When “Itchy Fingers” begins, you are put in mind of a slow-burning electronic ballad, but then the 80’s-inspired video game sounds start bleeping and echoing, like an electronic ping-pong ball, and the frenetic pace is set. Junior Boys have been doing this for years, lulling us into a false sense of warm security before setting us free into a forest of earthly delights. The song stops and starts, there are oriental-influenced flourishes, and a kind of musical staccato that pays homage to the wildly restless Timbaland, showing music-makers at the height of their powers.
Restlessness is a theme in the Junior Boys’ work; never satisfied, they fly around the musical landscape, magpie-like, picking up inspiration as they go. On “Playtime”, the most romantic, reflective composition on the album, they slow the pace down to a sensuous crawl, and it is a most majestic jewel, showcasing Jeremy Greenspan’s vocal and proving it to be one of the most underrated in music; softly direct and confidently confiding, you can almost sense his breath on your back when he sings, “I’m waiting for you.”
This kind of intimacy is very particular to Junior Boys, and though their production has progressed since 2004’s Last Exit, they have never lost their sense of exploring the heart and its secret mystery, a notion which radiated from 2006’s painfully melancholy So This Is Goodbye and 2009’s Begone Dull Care.Their sense of naked honesty makes them so vulnerable that it is hard to believe they put it down on record, but that is part of their intriguing beauty; their willingness to fall is because they are pushed by the hands of true experience, and they also create the softest of musical landings for themselves and us.
This is a quality that makes “You’ll Improve Me” one of the standout tracks on the record, as Greenspan sings, “If you want it, never show it”; and it begins with perhaps five different sounds competing for attention, until they settle into a steady, soulful beat with ornamental flourishes scattered here and there, before breaking down into the tambourine-accompanied, synth-heavy joyous chorus, going off into another realm entirely. It is essentially a perfect piece of electronic mastery,where you find yourself thinking about Prince, Arthur Russell, and at one point Talking Heads. It is awash with brilliance.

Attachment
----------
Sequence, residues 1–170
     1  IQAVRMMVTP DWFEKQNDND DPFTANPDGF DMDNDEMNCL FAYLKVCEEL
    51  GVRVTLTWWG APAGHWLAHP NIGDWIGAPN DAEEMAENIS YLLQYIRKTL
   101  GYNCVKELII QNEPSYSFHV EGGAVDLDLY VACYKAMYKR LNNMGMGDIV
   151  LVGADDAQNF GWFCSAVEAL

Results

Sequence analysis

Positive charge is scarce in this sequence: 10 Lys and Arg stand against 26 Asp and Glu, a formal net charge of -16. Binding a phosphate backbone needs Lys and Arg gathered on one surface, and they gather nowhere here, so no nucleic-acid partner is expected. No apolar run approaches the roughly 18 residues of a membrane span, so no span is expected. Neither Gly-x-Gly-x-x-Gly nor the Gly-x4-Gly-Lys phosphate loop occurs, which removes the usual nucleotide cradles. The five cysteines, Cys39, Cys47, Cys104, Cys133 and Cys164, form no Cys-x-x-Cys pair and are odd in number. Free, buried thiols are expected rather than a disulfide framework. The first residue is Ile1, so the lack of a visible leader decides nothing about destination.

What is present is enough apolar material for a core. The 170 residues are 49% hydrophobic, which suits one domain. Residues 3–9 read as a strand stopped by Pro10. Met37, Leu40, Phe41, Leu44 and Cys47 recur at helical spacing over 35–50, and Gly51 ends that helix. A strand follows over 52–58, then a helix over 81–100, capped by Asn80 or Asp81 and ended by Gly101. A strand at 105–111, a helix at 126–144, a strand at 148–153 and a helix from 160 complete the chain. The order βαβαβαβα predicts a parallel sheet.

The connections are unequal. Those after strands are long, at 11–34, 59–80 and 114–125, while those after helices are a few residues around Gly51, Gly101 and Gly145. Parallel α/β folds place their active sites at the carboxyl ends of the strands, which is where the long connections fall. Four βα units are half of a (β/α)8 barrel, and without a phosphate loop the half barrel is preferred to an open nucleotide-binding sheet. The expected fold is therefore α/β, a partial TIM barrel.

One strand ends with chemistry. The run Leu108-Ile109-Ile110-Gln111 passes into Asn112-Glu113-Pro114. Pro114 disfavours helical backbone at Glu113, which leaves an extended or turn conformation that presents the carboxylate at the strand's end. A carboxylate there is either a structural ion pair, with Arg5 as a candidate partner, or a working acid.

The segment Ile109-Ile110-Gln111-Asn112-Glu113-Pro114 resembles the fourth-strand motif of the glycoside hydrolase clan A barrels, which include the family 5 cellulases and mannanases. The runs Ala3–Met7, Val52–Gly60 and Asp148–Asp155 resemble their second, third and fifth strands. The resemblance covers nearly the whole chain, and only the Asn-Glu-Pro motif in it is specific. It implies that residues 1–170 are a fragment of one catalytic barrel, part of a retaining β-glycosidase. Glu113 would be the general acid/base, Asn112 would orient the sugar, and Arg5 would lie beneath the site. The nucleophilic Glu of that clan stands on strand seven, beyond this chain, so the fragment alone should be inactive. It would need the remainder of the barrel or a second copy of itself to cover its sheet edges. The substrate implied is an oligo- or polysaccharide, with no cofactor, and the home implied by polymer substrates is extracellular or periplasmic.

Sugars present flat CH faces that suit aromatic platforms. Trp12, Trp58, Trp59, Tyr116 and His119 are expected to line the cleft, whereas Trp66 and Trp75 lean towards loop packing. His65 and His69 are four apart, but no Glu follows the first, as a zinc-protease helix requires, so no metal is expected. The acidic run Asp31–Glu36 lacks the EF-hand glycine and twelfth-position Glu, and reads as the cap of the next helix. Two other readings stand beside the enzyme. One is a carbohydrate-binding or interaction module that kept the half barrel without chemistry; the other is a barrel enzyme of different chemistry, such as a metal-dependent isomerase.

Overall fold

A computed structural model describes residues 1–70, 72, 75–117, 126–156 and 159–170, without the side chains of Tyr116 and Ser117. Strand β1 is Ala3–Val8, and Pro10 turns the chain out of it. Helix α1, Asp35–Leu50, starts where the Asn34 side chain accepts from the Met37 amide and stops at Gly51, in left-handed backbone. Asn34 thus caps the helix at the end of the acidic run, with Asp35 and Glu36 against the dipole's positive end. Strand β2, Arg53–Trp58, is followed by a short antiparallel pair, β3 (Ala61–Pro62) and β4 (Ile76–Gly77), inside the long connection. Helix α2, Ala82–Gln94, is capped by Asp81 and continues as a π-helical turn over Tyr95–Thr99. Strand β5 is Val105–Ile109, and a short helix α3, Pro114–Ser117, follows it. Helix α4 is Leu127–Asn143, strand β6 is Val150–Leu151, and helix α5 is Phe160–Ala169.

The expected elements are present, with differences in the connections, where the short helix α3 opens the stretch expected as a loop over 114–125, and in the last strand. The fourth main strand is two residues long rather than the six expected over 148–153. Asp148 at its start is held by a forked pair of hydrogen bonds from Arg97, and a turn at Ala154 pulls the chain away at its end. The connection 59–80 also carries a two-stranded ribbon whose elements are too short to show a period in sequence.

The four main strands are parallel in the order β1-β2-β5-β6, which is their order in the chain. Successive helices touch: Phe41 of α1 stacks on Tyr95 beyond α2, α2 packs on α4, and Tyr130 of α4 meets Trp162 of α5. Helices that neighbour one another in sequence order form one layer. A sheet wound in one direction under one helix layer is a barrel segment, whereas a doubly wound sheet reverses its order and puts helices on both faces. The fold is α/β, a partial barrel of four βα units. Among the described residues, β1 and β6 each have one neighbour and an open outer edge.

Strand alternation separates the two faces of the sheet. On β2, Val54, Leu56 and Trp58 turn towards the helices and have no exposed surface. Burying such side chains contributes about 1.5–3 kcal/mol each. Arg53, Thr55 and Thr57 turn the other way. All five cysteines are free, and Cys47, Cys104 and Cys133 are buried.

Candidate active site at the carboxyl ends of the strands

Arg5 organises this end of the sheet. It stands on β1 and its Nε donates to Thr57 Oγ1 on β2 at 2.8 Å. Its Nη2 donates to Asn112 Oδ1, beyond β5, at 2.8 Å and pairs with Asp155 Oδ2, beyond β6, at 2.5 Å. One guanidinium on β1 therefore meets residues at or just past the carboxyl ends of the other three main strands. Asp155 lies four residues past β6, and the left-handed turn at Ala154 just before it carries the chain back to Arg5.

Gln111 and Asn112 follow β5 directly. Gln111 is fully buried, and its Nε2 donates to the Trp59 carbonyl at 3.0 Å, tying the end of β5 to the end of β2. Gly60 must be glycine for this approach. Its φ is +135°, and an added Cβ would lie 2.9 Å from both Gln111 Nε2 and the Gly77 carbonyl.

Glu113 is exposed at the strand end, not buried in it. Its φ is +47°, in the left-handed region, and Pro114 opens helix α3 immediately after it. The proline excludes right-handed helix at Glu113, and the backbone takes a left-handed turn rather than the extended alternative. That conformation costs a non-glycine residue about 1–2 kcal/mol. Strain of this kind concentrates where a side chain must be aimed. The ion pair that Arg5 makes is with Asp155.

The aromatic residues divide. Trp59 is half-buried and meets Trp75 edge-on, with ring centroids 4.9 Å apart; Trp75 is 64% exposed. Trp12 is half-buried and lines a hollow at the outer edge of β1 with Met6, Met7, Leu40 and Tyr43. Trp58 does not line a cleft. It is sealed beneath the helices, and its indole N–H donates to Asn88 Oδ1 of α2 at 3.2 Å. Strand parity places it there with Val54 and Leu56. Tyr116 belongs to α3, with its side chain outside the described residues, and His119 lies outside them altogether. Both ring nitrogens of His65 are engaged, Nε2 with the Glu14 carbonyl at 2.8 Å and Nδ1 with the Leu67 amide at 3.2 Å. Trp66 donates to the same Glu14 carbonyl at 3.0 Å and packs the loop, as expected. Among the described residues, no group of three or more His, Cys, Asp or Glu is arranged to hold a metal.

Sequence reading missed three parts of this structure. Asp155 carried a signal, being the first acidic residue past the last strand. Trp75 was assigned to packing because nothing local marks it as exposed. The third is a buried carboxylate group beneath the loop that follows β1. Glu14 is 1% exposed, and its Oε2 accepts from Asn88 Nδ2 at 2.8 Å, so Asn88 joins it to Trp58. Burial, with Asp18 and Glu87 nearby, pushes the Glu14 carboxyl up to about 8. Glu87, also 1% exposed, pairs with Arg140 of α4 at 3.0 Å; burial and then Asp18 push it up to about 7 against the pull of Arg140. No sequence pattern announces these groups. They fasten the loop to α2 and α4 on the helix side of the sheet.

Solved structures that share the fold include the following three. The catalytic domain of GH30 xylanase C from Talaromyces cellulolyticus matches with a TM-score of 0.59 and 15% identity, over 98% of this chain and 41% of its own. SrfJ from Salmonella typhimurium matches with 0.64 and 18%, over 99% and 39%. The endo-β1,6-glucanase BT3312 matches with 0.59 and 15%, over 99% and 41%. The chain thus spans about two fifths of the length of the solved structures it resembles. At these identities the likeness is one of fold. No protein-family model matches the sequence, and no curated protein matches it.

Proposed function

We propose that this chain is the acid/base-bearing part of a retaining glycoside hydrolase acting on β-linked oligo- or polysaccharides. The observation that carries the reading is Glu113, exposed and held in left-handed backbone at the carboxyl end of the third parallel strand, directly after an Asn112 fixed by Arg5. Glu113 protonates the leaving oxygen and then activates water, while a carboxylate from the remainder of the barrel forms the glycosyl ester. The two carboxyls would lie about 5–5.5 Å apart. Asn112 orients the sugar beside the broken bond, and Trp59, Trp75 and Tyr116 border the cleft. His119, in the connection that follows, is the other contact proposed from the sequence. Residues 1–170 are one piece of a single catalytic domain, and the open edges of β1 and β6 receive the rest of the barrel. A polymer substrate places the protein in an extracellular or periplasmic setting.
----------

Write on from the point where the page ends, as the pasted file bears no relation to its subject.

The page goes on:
It mirrors the following track, “A Truly Happy Ending”, which brings to mind the best of late 70’s disco and early 80’s electronic experimentation, and is another perfect exercise in nostalgia meeting modernity, something Junior Boys do so well (listen to “Banana Ripple”), and though they may sound evermore confident in terms of production, they are still frail human beings, as Greenspan calls out, “I can’t be patient all the time/ Come and put your hopes up next to mine” before he whoops into a reverie, beckoning your sad heart towards the dance floor.
Perhaps that is what makes Junior Boys so special, their sense of hope in a murky world. They are an odd proposition because they have a certain pure innocence that they bring to electronic music that is bound up with delicate intelligence and a perceptiveness that is rare. When you get to “The Reservoir” and its world of delicate glockenspiels, you feel as if you are in a dream; “Kick the Can” expands on that dream, propelling you underground towards dubby beats and an almost meditative sense of refrain that recalls Animal Collective. However, the truth is, nobody sounds quite like Matt Didemus and Jeremy Greenspan. Junior Boys are so original, inventive, and poetic that they go far beyond electronic music into a much dreamier world full of infinite possibility. This is another chapter in their epic novel, and as Greenspan sings on “Playtime”: “Stare a little longer, like competitors do,” except there really isn’t any competition.